Rare gemology-mineralogy book, Theophrastus; Theophrasti Eresii Græce & Latine opera omnia.
Item Number: Book 734-c
Theophrastus; ΘΕΟΦΡΑΣΤΟΥ ΤΟΥ ΕRΕΣΙΟΥ ΆΠΑΝΤΑ. Theophrasti Eresii Græce & Latine opera omnia. Daniel Heinsivs Textum Græcum locis infinitis partim ex ingenio partim e libris emendauit: hiulca suppleuit, male concepta recensuit: interpretationem paßim interpolauit. Cum Indice locupletissimo. Lvgdvni Batavorum, Ex Typographio Henrici ab Haestens, Impensis Iohannis Orlers, And. Cloucq, & Ioh. Maire, Anno 1613.
The work is complete and in a 18th century full calf with gilt ruled covers, gilt spine panels, raised bands and titles. The binding is tight and clean with scuffing to boards and edges. Marbled end sheets, text is very bright and clean. In very good condition.
FREE SHIPPING ON ALL ITEMS.
Theophrastus; (c371 B.C. - 287 B.C.) was a Greek philosopher born at Ereos on the Island of Lesbos, Greece. He died in Athens Greece. Theophrastus studied at Athens and became an ardent supporter of Plato's philosophies. While there, he became a pupil and friend of Aristotle, and when Aristotle went into exile, Theophrastus succeeded him as the leader and principal spokesman of the Peripatetic school of philosophy. This was a position he held until his death.
This is Daniel Henius' Leyden edition of Theophrastus' works in Greek with a Latin translation and commentary. The includes Theophrastos's classic De causis plantarum and De historia plantarum. The Latin translation is by Theodorus Gaza. The two main works comprise 'the earliest work of scientific botany, consisting of two separate treatises: De historia plantarum, on description, classification, and analysis; and De causis plantarum, on etiology. Part of the work is devoted to plant lore and the medicinal uses of plants, making it the earliest complete extant herbal and pharmacopoeia as well. Theophrastus described about 500 plants, ranging geographically from the Atlantic to the Mediterranean littoral and as far as India, using a method of classification that recognized the manifold nature of plants and the differences between plants and animals; the classification system, although necessarily primitive, maintained its authority until the advent of the microscope in the seventeenth century.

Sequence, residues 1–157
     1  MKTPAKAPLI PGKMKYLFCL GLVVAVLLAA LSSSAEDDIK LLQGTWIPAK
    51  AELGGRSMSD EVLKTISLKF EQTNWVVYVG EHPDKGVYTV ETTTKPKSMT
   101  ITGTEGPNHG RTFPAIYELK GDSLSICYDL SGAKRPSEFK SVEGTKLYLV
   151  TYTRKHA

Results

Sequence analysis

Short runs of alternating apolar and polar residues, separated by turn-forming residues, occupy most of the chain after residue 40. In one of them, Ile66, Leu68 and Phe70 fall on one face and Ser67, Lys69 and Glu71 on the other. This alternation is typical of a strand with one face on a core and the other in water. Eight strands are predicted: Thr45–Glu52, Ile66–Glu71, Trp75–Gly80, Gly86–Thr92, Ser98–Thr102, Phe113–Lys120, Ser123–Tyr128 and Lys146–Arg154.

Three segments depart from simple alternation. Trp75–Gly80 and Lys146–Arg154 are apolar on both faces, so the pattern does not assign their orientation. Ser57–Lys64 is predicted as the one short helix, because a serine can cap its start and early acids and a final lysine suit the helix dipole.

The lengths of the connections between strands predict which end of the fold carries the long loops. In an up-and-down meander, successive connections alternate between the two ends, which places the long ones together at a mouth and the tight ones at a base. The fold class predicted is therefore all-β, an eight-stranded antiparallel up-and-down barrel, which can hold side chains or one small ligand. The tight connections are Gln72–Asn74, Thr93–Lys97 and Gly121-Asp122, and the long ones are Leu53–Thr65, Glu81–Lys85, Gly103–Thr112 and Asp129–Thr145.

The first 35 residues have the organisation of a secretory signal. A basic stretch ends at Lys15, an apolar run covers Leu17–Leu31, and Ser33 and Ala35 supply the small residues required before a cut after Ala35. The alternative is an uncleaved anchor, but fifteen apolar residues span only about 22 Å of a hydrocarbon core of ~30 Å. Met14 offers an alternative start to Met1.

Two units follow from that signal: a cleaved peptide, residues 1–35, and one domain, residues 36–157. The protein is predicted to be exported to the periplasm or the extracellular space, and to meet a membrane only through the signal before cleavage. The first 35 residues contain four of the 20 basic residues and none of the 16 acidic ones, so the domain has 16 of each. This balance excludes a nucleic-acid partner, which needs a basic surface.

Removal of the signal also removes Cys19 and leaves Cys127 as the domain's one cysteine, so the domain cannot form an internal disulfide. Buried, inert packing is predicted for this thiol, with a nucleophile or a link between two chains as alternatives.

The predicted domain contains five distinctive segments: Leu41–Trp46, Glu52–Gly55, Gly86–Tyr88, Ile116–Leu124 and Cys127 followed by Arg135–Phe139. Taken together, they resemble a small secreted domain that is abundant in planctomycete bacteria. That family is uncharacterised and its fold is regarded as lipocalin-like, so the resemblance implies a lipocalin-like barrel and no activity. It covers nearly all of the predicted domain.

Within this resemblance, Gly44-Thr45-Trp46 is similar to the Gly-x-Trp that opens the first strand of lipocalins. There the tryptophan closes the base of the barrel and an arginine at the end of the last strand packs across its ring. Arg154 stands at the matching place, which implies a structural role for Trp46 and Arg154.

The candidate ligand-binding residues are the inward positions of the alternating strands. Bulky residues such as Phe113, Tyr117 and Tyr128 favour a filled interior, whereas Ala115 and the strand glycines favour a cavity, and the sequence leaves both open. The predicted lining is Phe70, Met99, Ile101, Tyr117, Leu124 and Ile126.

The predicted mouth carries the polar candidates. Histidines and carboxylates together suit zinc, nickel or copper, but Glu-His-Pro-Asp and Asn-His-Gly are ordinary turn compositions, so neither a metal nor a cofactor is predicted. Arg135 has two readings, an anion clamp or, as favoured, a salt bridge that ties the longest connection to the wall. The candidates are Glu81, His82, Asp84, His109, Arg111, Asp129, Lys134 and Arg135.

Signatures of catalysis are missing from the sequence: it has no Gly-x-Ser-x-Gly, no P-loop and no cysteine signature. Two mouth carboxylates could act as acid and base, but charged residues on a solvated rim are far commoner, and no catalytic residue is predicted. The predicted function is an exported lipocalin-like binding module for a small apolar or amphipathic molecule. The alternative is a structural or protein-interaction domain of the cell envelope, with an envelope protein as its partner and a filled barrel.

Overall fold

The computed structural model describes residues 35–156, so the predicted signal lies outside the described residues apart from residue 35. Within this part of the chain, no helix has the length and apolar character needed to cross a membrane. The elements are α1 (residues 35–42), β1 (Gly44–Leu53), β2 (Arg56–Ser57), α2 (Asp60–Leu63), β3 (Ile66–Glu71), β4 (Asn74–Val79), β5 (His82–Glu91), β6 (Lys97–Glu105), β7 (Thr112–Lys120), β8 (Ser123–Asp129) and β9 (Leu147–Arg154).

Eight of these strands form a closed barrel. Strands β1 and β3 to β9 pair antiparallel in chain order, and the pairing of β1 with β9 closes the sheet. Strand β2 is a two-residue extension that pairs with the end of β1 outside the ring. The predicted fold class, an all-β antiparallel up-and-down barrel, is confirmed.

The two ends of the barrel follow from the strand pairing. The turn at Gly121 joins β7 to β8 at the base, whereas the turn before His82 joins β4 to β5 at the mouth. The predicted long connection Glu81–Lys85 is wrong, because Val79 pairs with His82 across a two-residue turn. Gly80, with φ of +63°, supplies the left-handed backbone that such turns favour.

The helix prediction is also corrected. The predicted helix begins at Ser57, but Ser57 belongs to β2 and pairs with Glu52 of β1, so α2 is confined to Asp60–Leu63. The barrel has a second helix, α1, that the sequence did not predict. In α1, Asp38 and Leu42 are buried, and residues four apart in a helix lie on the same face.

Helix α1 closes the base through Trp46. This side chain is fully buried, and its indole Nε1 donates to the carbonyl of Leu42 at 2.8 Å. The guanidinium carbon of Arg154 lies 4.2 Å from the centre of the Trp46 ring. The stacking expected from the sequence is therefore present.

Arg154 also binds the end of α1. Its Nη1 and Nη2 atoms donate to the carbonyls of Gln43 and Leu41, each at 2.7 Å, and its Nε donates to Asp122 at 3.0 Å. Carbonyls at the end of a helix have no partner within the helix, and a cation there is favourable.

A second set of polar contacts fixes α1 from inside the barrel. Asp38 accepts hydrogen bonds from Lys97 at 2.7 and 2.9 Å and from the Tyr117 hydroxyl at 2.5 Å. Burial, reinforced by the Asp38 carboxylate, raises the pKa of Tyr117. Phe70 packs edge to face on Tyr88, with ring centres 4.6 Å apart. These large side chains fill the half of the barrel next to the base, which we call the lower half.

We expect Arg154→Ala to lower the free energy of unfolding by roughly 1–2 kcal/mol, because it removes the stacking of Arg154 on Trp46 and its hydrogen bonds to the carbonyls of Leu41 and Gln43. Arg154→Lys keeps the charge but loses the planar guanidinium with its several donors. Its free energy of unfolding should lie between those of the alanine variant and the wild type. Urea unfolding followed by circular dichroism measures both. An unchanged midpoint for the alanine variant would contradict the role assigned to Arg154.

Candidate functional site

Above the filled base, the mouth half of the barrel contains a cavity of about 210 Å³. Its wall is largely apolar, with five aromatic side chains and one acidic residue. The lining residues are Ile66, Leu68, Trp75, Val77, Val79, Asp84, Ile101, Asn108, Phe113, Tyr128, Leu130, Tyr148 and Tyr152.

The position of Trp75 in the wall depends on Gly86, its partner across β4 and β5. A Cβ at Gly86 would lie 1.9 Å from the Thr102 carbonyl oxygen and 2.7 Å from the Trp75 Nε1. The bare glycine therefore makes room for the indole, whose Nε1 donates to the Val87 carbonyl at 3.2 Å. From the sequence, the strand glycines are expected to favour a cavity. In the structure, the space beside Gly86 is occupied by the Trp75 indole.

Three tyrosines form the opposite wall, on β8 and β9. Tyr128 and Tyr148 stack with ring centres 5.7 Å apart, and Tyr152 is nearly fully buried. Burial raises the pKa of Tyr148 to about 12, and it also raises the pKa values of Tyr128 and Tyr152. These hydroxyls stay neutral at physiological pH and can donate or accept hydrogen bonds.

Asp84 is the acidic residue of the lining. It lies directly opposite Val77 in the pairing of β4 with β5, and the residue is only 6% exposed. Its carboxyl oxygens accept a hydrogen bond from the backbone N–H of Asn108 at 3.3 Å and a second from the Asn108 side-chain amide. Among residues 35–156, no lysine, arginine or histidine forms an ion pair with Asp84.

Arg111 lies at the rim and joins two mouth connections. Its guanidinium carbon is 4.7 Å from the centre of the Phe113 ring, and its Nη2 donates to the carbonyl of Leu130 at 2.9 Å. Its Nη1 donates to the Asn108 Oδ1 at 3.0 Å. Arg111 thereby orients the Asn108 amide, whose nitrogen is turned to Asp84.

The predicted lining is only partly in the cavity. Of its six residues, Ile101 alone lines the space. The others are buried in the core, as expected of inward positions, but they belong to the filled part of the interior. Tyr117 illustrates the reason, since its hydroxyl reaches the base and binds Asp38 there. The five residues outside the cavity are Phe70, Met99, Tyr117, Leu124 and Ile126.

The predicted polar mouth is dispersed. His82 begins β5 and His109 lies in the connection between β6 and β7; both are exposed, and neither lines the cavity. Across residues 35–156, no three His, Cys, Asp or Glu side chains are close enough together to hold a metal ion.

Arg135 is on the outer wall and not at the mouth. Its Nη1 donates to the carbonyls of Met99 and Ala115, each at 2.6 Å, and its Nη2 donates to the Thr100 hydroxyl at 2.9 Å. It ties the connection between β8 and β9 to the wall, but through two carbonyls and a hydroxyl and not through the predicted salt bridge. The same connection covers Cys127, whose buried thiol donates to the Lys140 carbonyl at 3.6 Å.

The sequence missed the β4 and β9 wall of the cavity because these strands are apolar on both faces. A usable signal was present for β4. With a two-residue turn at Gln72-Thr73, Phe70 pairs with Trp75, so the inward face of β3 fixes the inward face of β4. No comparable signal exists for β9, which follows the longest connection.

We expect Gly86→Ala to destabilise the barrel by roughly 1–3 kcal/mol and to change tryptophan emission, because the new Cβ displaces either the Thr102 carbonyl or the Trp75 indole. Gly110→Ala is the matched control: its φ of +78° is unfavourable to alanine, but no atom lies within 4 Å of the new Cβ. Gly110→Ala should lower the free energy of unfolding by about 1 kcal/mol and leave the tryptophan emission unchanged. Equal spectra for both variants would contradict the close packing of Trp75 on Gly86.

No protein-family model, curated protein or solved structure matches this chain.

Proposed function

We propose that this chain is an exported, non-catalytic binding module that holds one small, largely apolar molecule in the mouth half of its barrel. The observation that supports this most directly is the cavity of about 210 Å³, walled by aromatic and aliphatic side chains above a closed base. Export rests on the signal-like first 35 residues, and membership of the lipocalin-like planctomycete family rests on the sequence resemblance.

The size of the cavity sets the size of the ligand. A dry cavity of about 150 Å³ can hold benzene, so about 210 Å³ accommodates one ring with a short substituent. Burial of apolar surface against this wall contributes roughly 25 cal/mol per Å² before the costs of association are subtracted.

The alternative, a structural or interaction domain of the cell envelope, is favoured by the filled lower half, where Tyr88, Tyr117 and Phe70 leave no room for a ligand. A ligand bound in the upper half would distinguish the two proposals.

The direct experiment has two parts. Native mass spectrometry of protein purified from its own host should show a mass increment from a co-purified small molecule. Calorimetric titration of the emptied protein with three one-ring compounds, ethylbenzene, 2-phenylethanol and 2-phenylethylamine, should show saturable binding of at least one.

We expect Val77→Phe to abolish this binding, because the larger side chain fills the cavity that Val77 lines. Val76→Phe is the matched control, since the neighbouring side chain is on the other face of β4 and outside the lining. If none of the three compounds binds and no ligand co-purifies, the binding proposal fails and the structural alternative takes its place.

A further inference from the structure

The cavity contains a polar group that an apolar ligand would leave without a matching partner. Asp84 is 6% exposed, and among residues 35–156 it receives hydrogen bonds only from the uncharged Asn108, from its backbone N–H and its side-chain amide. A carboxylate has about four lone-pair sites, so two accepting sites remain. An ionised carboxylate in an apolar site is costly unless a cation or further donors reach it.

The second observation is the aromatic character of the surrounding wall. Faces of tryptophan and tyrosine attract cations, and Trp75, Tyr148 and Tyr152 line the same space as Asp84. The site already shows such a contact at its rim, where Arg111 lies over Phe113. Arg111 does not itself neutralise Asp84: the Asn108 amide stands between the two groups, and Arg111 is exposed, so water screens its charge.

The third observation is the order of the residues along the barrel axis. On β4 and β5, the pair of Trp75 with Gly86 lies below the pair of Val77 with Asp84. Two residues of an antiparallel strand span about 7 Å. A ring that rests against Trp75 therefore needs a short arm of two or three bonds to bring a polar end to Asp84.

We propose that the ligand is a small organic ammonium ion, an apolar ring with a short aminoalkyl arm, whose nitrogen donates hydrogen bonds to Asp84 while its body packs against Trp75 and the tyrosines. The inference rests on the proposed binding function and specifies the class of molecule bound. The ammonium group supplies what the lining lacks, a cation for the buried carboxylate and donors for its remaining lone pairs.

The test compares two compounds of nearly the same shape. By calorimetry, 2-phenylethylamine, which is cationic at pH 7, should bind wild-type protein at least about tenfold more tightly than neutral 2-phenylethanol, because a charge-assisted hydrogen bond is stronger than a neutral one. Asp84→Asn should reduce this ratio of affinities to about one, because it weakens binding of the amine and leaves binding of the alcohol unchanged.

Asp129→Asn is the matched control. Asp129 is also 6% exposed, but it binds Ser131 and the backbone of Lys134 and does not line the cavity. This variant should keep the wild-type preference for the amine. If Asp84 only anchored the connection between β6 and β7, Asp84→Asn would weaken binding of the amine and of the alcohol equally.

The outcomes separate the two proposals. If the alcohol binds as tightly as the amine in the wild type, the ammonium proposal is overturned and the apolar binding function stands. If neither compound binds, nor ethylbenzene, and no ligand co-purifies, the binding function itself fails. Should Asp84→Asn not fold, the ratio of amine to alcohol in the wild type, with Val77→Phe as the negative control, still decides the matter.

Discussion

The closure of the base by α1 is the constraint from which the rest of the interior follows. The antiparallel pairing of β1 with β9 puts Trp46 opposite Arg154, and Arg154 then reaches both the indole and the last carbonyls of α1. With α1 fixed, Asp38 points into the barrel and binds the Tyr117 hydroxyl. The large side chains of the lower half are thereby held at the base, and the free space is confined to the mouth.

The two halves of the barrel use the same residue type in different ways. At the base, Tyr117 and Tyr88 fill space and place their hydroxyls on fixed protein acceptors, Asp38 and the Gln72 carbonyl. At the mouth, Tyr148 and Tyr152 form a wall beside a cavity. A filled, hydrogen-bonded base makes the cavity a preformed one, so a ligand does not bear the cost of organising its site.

The work also includes The De Lapidibus which is a work of special interest in the history of mineralogy as it is the largest fragment to survive from Classical times that treats mineral substances in a meaningful way. It is like no other mineralogical work written during the period, and in fact no other original work resembling it appeared until the Middle Ages. The text of the treatise appears to have come down to the present little changed from what it was in the beginning.It remained for 1800 years one of the most authoritative treatise on minerals, referenced and quoted by writers down to modern times. The comparative absence from myth and magic in the descriptions is particularly noteworthy, and shows there existed, probably among miners, quarryman, and others engaged in the mining industry of the time, a practical knowledge of mineralogy, which Theophrastus drew upon in the compilation of this work. The text first gives a Peripatetic view of the origin of minerals and stones, and upon this foundation of Aristotle and Plato, modifications are introduced. Metals are said to be composed of water, while stones and mineral earths are composed of earth. A mineral occurs because its substance has been purified through filtration, and its degree of purity can be determined by examining such qualities as smoothness, density, luster and transparency. The primary interest in the work are the descriptions of specific minerals. Theophrastus divides into two broad categories, Earths and Stones, under which about fifty "species" are recognized. Within each commentary, the author recounts various physical characteristics such as texture, color, transparency, hardness, luster, and density, as well as the practical uses. Thus described, it is possible to apply modern names to many of the minerals Theophrastus wrote about eighteen centuries ago, and read the Classical ideas about marble, pumice, onyx, gypsum, amber, pyrite, coal, azurite, chrysocolla, realgar, orpiment, cinnabar, quartz, lapis lazuli, emerald, sapphire, ruby and diamond.